Venmar: We are involved in one lawsuit, and several claims and pre-claim investigative matters involving products sold by us to one of our customers, Venmar, that sold ventilation and air exchanger equipment containing an electro mechanical control product. Venmar conducted recalls in conjunction with the U.S. Consumer Product Safety Commission on similar equipment in 2007, 2008, and 2011. Claims are unspecified, but two of the matters involve property damage in excess of $1 million. We do not believe that a loss is probable. Accordingly, as of March 31, 2012, we have not recorded a reserve for these matters.
FCPA Voluntary Disclosure
During 2010, an internal investigation was conducted under the direction of the Audit Committee of our Board of Directors to determine whether any laws, including the Foreign Corrupt Practices Act (“FCPA”), may have been violated in connection with a certain business relationship entered into by one of our operating subsidiaries involving business in China. We believe the amount of payments and the business involved was immaterial. We discontinued the specific business relationship and our investigation has not identified any other suspect transactions. We contacted the United States Department of Justice and the Securities and Exchange Commission to make a voluntary disclosure of the possible violations, the investigation, and the initial findings. We are continuing to cooperate fully with their review. The FCPA (and related statutes and regulations) provides for potential monetary penalties, criminal and civil sanctions, and other remedies. We are unable to estimate the potential penalties and/or sanctions, if any, that might be assessed and, accordingly, no provision has been made in the accompanying condensed consolidated financial statements.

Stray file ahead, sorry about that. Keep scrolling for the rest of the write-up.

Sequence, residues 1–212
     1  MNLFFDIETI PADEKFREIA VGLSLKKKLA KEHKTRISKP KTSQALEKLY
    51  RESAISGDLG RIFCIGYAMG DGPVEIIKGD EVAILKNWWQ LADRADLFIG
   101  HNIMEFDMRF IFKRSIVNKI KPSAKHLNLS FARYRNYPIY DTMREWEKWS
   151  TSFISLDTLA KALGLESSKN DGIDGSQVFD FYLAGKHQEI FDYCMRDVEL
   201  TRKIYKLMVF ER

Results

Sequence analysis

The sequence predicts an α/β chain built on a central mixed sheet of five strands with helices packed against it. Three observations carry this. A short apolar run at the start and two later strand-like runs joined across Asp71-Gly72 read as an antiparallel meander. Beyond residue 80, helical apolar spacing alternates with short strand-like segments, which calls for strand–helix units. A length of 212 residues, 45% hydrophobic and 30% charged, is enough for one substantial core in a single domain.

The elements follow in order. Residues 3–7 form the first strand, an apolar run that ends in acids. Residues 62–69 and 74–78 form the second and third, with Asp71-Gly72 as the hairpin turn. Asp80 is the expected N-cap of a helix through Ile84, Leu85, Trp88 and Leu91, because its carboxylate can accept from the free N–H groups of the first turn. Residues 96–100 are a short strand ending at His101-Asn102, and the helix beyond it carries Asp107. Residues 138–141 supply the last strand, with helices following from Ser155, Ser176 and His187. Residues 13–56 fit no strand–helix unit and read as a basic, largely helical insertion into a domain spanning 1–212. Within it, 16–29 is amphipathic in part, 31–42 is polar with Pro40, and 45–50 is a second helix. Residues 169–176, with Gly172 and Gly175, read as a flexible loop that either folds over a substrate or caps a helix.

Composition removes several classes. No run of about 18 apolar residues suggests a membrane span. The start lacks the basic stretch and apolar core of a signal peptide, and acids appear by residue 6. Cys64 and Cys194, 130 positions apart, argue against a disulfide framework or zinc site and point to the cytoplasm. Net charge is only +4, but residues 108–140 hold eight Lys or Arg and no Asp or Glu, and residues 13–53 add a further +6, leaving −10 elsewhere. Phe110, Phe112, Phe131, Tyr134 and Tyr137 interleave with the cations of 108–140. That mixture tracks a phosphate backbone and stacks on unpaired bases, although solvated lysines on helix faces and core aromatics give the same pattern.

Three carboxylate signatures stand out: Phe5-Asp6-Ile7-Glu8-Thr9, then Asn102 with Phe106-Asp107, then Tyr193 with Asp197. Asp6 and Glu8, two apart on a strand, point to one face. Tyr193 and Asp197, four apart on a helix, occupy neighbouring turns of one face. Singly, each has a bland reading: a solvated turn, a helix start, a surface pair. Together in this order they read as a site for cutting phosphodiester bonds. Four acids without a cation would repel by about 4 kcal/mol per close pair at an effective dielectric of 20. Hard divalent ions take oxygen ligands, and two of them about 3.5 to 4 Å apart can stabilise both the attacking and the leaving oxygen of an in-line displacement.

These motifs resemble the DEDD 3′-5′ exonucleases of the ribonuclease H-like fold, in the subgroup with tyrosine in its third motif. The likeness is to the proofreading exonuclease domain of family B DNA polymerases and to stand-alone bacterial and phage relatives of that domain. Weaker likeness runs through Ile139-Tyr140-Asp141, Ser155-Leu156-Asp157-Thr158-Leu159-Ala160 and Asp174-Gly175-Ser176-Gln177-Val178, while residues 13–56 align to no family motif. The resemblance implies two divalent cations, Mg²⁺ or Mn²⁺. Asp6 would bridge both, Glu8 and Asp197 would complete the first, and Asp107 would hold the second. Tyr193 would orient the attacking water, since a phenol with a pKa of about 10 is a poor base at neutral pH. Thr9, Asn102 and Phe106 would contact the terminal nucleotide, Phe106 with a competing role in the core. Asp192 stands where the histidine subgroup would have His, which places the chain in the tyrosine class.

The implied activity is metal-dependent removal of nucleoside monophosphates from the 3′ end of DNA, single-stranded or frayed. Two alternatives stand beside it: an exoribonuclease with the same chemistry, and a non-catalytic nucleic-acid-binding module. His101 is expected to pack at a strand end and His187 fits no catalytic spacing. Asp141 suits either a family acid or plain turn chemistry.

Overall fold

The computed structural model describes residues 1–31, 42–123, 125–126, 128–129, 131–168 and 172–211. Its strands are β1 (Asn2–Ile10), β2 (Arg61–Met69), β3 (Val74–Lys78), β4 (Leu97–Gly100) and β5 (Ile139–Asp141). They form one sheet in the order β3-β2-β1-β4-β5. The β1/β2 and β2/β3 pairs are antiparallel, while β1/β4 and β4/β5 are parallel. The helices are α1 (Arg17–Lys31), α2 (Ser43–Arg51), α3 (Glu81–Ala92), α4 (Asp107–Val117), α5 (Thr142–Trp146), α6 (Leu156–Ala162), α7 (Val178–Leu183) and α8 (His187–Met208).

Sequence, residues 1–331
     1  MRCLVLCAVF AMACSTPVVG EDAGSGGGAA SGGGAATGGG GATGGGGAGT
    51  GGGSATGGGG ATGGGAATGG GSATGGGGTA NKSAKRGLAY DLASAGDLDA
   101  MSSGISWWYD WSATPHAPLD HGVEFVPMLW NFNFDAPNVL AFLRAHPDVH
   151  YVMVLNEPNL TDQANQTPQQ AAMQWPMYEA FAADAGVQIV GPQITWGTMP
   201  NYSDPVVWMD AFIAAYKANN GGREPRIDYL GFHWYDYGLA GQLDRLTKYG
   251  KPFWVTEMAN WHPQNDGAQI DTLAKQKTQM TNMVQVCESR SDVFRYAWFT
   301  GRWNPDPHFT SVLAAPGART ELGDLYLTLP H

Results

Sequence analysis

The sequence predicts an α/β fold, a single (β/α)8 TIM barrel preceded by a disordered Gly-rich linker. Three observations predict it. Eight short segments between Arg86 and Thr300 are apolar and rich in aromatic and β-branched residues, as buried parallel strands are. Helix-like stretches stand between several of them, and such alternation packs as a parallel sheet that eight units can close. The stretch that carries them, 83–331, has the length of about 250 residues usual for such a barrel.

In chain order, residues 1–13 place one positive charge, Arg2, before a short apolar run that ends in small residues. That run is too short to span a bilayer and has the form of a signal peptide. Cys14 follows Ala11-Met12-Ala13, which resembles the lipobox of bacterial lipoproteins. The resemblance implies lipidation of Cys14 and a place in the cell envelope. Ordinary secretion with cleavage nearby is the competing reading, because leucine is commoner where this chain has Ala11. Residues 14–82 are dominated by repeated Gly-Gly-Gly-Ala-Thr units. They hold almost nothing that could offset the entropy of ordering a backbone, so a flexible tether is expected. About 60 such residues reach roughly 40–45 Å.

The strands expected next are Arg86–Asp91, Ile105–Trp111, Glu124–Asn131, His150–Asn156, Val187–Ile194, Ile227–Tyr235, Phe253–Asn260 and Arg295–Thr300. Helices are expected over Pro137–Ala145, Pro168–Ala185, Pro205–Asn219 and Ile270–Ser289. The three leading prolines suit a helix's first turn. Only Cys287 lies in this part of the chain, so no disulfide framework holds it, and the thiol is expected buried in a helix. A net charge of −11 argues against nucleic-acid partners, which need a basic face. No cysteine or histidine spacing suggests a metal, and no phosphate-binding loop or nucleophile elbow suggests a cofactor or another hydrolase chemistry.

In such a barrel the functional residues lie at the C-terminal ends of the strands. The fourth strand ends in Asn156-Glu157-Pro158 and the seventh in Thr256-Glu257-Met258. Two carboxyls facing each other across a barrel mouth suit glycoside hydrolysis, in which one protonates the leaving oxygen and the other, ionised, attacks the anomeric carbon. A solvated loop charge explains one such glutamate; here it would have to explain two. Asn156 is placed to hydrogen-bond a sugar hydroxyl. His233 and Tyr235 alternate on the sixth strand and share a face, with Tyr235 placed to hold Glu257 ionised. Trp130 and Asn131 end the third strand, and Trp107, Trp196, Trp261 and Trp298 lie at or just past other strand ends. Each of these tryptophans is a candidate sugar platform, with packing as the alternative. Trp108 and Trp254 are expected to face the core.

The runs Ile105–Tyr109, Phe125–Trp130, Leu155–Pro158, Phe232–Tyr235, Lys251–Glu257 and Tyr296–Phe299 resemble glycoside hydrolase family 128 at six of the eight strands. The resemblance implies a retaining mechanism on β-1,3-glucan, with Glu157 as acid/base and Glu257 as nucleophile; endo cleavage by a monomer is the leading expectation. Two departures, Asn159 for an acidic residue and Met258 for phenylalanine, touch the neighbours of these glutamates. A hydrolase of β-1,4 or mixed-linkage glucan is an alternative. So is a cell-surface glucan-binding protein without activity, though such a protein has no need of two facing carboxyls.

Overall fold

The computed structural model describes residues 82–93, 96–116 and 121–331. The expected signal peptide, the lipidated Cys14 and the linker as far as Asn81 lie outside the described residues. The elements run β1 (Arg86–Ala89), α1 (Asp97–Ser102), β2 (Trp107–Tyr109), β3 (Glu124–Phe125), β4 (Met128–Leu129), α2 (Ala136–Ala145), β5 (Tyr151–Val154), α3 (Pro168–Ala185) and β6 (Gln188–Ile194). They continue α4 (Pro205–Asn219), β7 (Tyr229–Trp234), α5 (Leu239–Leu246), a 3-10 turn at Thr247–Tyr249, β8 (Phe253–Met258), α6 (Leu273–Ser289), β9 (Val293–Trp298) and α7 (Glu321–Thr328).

16


10. Fair Value Measures
Our assets and liabilities reported at fair value have been categorized based upon a fair value hierarchy in accordance with ASC Topic 820, Fair Value Measurements and Disclosures. The levels of the fair value hierarchy are described below:
Level 1 inputs utilize quoted prices (unadjusted) in active markets for identical assets and liabilities that we have the ability to access at the measurement date.